With support from the University of Richmond

History News Network

History News Network puts current events into historical perspective. Subscribe to our newsletter for new perspectives on the ways history continues to resonate in the present. Explore our archive of thousands of original op-eds and curated stories from around the web. Join us to learn more about the past, now.

The Kavanaughs of the Founding generation

In a recent rare news conference, President Trump defended Supreme Court nominee — now justice — Brett M. Kavanaugh by arguing that the Democrats would vote against George Washington if he were nominated. No man is perfect, Trump argued. After all, didn’t even Washington “have a couple things in his past?”

Yes, he did. Although Washington and the other Founding Fathers remain almost sacrosanct in our society today, they, too, were accused of mistreating women. And there is a disturbing consistency in the handling of allegations of sexual impropriety made against elite men from the founding of America to Kavanaugh’s supporters today. Accusations then as now are treated as politically motivated character attacks rather than analyzed as sexual abuses by men possessing the power to protect themselves from consequences.

George Washington was an elite man of his time, a Southern slaveholder and revered gentleman who is not known to have fathered any children. And yet his family structure — notably his wife Martha’s half-sister, Ann Dandridge — exposed the limitations of democracy in the early republic. Dandridge and Martha Washington shared a father, but Dandridge was born to an enslaved woman and was herself enslaved. Her status as a slave was transferred to her four daughters, Martha’s nieces, who were born as property of the Washington family. Through legally permissible sexual assault, namely the raping of slaves by their owners, masters such as Martha Washington’s father were able to ensure a generational expansion of their slave property.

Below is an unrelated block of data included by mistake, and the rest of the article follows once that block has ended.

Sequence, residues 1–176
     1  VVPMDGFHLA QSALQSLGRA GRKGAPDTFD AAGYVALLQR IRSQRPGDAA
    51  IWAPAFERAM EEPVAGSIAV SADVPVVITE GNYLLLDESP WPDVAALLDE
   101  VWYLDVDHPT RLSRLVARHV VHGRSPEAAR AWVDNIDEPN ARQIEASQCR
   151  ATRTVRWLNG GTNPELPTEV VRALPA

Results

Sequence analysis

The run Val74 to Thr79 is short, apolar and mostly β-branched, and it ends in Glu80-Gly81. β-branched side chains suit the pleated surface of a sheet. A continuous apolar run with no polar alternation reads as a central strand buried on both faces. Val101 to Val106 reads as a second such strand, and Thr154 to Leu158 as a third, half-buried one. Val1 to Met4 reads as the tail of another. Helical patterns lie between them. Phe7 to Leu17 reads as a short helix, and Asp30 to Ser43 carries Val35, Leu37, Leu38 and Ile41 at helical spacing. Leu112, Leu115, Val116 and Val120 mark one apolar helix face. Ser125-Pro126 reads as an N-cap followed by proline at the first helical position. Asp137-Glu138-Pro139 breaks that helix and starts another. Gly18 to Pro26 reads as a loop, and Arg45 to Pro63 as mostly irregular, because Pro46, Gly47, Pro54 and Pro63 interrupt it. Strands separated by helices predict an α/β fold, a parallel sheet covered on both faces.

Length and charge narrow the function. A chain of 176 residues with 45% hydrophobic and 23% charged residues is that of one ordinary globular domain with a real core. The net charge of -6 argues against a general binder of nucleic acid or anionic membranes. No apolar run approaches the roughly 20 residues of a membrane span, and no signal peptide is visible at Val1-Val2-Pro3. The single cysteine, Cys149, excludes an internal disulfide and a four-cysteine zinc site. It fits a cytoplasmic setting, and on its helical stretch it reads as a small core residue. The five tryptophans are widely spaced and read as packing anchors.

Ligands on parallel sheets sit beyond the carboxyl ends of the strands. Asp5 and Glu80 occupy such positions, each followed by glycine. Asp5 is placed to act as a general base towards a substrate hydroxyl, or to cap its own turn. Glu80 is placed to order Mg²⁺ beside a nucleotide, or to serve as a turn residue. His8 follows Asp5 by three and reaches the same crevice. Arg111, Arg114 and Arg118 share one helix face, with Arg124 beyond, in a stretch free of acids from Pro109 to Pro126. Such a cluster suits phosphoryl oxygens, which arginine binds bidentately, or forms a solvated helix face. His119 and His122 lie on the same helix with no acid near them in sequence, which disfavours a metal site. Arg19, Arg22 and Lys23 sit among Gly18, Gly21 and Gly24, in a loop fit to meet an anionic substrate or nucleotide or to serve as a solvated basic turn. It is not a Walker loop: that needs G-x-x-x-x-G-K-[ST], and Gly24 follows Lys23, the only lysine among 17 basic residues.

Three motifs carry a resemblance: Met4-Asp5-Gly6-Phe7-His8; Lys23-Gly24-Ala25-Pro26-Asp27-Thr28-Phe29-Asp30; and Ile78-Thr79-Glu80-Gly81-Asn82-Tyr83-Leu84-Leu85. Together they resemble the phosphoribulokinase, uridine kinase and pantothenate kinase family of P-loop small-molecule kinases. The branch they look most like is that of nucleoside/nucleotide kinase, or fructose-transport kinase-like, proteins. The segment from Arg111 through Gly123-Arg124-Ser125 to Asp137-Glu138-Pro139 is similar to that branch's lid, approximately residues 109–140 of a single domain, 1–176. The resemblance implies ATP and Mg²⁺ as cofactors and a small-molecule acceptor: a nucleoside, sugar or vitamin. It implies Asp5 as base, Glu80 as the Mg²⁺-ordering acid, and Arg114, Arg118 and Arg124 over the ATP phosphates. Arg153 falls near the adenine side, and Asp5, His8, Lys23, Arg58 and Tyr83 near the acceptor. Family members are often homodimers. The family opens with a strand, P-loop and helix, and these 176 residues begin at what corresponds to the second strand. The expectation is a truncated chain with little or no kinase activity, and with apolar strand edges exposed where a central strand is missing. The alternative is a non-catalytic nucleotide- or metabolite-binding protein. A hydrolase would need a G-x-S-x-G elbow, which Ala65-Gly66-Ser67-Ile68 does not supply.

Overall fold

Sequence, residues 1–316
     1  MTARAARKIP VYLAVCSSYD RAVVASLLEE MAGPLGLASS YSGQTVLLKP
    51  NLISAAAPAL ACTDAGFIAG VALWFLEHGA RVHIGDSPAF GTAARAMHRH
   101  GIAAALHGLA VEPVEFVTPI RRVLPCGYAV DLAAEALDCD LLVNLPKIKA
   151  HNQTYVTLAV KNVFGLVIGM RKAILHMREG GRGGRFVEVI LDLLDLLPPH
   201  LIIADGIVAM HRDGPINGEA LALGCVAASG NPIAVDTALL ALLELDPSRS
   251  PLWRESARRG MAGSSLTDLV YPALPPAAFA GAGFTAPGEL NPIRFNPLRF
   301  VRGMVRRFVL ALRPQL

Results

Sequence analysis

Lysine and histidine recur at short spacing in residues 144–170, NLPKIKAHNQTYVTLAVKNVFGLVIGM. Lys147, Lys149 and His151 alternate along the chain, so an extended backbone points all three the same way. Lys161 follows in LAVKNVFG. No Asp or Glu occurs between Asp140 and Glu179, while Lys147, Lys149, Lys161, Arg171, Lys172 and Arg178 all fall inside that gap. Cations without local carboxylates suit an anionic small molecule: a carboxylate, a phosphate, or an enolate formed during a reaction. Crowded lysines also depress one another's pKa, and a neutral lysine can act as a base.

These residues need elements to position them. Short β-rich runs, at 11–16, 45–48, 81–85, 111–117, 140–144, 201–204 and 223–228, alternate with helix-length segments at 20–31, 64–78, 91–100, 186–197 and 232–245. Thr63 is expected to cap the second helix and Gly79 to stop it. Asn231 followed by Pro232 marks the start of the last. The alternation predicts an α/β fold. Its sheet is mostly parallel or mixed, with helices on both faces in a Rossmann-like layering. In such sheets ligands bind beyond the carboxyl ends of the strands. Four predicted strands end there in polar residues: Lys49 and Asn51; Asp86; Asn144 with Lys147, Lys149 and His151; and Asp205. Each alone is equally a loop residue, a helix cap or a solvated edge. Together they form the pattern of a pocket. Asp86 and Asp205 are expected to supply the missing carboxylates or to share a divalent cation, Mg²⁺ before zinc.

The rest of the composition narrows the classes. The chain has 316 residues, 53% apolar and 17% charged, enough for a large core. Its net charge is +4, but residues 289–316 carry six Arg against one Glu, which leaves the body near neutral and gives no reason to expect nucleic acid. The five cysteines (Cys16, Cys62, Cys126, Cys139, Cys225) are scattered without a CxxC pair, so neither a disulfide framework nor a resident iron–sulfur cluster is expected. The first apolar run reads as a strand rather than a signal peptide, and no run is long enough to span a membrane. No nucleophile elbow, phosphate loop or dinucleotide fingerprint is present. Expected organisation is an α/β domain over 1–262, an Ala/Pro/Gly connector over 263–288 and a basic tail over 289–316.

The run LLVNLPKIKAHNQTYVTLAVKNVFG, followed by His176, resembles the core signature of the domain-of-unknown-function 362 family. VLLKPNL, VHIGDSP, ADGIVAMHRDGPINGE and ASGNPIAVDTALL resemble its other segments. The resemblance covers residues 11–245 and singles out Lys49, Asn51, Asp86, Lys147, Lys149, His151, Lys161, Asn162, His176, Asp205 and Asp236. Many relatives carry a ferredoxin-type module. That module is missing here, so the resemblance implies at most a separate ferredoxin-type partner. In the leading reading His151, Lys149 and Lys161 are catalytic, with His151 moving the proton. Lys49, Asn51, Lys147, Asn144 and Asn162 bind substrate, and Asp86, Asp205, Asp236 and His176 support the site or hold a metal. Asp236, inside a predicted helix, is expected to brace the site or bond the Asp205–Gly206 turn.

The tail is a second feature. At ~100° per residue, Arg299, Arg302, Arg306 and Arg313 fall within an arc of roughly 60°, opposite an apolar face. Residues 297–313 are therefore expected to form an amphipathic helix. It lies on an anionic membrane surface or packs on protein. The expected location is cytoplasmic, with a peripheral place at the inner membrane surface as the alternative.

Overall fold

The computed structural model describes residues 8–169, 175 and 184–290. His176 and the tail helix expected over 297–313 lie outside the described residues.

But it was Thomas Jefferson whose alleged sexual impropriety became a national political issue. Jefferson was president during a time of increased polarization, after the two main political parties had solidified. Jefferson, therefore, endured multitudes of character attacks from a press that prided itself on partisanship. During the election of 1800, for example, one newspaper projected that if Jefferson were elected, “Murder, robbery, rape, adultery, and incest will be openly taught and practiced, the air will be rent with the cries of the distressed, the soil will be soaked with blood, and the nation black with crimes.”

During Jefferson’s first term, a disgruntled journalist, formerly a Jefferson supporter, published an article describing Jefferson’s relationship with his slave, Sally Hemings. At the time, the accusation of Jefferson’s long-term relationship with “his concubine, one of his own slaves” resulting in “several children” was mostly rumor and could not be confirmed. ...

Read entire article at The Washington Post